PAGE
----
Carl Warner and Ross Gibson
protection (2011, detail)
c-type photographs and blackboard paint Carl Warner and Ross Gibson
protection (2011, detail)
c-type photographs and blackboard paint
image courtesy of the artists and UQ Art Museum, source material courtesy of Fryer Library, the University of Queensland
art and refuge

The University of Queensland Art Museum is hosting three related exhibitions from June 11 to August 7. The first is Waiting for Asylum: Figures From an Archive. Working with the Fryer library archive of refugee ephemera, collaborating artists Ross Gibson (RT54, RT91), and Carl Warner interpret the precarious position of the asylum seeker past and present. The second is Collaborative Witness: Artists Responding to the Plight of the Refugee, in which artists “challenge one-dimensional portrayals and become not only witnesses, but also collaborators on the complex story of those seeking asylum” (press release). The show includes works by Benjamin Armstrong, Lyndell Brown and Charles Green, Jon Cattapan, Tim Johnson and Karma Phuntsok, Rosemary Laing (RT58, RT85, David Ray, Judy Watson (RT69) , and Guan Wei (RT81). The third show is John Young: Safety Zone, which responds to the hidden history of the ‘Rape of Nanjing’, when a group of 21 foreigners saved the lives of 300,000 Chinese by sheltering them in the city’s international ‘safety zone.’ Caroline Wake, author of our Archive Highlight Art & Asylum: Politics, Ethics, Aesthetics, will be reviewing the shows in RealTime 104. Waiting for Asylum: Figures From an Archive, curators Prue Ahrens and Michele Helmrich, project researcher Gillian Whitlock; Collaborative Witness: Artists Responding to the Plight of the Refugee, curators Prue Ahrens and Michele Helmrich, John Young: Safety Zone, University of Queensland Art Museum, June 11-Aug 7; www.artmuseum.uq.edu.au

Joe Lawlor from Desperate Optimists on the set of Tiong Bahru in Singapore 2010 Joe Lawlor from Desperate Optimists on the set of Tiong Bahru in Singapore 2010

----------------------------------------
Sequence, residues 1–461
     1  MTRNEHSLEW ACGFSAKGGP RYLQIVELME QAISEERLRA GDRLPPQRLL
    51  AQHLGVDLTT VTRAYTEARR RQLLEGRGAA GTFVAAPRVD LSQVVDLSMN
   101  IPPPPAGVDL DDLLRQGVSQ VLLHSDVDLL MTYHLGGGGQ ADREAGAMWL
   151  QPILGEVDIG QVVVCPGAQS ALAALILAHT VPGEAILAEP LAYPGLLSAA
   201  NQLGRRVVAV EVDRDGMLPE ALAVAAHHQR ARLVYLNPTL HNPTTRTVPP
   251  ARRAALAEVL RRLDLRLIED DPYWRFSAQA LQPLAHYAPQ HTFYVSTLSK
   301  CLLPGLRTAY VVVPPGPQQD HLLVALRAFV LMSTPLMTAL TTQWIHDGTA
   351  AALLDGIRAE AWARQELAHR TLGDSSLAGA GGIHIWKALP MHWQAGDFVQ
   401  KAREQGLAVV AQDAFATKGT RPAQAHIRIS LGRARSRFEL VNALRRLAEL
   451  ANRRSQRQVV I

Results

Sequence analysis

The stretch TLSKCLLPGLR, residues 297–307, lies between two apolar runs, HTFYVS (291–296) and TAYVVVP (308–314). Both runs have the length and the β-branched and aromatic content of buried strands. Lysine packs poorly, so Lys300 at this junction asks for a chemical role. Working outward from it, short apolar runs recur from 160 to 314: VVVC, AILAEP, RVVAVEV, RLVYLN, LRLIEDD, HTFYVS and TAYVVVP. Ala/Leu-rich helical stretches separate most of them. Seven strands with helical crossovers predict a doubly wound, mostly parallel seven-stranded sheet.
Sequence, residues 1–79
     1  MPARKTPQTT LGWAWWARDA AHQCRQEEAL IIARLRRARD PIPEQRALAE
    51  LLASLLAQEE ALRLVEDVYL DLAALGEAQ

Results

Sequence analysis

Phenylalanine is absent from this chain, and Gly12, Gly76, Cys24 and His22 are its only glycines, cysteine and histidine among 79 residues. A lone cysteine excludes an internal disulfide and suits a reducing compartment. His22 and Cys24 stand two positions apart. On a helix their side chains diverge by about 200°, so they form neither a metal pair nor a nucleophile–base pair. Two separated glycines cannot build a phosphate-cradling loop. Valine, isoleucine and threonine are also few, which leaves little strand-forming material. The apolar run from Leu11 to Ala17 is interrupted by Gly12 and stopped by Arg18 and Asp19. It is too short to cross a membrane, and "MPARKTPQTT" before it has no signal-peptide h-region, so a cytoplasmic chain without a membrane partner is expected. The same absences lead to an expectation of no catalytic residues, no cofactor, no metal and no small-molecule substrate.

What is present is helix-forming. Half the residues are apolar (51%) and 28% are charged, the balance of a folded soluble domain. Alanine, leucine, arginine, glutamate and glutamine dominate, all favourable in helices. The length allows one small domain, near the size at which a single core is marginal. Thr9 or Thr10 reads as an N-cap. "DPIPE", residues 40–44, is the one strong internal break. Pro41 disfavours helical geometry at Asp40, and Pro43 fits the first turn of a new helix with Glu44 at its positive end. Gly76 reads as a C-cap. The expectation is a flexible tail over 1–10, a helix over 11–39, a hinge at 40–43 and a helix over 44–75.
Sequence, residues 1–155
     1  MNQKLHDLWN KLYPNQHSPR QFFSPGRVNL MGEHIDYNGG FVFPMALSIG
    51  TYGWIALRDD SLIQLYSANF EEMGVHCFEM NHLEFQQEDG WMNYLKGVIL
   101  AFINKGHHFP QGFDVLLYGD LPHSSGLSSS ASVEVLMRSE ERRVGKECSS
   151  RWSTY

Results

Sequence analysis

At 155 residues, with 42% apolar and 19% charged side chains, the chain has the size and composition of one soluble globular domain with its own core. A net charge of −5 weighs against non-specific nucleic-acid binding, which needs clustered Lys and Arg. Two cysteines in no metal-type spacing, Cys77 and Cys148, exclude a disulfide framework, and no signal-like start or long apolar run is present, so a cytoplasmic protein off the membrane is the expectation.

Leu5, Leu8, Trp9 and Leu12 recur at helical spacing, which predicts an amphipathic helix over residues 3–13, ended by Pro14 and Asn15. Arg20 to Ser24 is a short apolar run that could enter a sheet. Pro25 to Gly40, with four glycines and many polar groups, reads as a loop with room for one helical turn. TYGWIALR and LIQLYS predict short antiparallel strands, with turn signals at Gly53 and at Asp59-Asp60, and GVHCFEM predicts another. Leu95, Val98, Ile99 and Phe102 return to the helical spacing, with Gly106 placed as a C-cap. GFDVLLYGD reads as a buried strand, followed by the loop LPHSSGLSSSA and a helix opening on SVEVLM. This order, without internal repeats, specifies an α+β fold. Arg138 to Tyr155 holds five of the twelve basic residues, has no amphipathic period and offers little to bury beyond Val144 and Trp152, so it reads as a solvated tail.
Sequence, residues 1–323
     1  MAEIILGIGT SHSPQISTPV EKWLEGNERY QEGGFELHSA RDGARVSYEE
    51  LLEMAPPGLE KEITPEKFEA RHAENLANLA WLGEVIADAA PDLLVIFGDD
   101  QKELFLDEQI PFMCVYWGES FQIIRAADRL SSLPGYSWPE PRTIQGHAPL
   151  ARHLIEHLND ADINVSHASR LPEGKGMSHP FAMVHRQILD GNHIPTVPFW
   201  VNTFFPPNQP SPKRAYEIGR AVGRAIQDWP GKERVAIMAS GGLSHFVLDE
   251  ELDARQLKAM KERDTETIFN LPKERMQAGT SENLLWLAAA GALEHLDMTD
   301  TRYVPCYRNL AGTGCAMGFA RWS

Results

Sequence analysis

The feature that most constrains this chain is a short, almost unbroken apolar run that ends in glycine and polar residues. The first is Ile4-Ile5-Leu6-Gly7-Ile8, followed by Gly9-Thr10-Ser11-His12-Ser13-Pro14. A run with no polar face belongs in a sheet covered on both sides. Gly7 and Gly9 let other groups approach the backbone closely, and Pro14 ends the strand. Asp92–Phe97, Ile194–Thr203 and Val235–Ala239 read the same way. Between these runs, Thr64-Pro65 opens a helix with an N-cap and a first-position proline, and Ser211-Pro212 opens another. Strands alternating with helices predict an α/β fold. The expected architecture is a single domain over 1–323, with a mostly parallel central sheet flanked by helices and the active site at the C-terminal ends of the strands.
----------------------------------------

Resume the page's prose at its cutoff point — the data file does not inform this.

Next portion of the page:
photo courtesy of the artists
desperate optimists: community on screen

The Dublin-born, UK-based performers and filmmakers Desperate Optimists are visiting Australia to screen Tiong Bahru, the unique outcome of their engagement with a Singaporean community. Made by Joe Lawlor and Christine Molloy and co-produced by Singapore-based Dan Prichard, it's part of an innovative series titled Civic Life. It screened at Rotterdam and Dublin film festivals earlier this year, at the Festival of Ideas in Bristol and IndieLisboa in May. There's an interview with the makers in Sight and Sound. The Civic Life blog includes a trailer for Tiong Bahru, photographs and another interview. The wide screen cinematography, seamless continuity and the cumulative evocation of social life around a small district are seductive, focusing on small pleasures and low-key dramas. Community members perform with ease and conviction. Desperate Optimists' extensive Australian program includes screenings, talks and workshops at ACMI, Footscray Community Arts Centre; Metro Screen, AFTRS, Performance Space and ICE, and as part of the Sydney Film Festival at the Art Gallery of NSW. See the websites of the above organisations for dates

Penelopa Penelopa
the patience of penelope

The award-winning writer-director Ben Ferris’s art film Penelopa is finally being released, screening at the Art Gallery of NSW and the Nicholson Museum, University of Sydney. Penelopa is the first Australian-Croatian co-production and is adapted from Homer’s tale of Penelope, depicting her psychological struggle as she waits 20 years for her husband to return from the Trojan War. The film “draws on the long-take filmmaking style of art film directors such as Andrei Tarkovsky (The Mirror), Akira Kurosawa (Seven Samurai) and Bela Tarr (The Man from London)” (press release). Penelopa, Nicholson Museum, University of Sydney, June 15, Art Gallery of NSW, June 25; www.penelopa.com.au

RealTime issue #102 April-May 2011 pg. web

© RealTime ; for permission to reproduce apply to realtime@realtimearts.net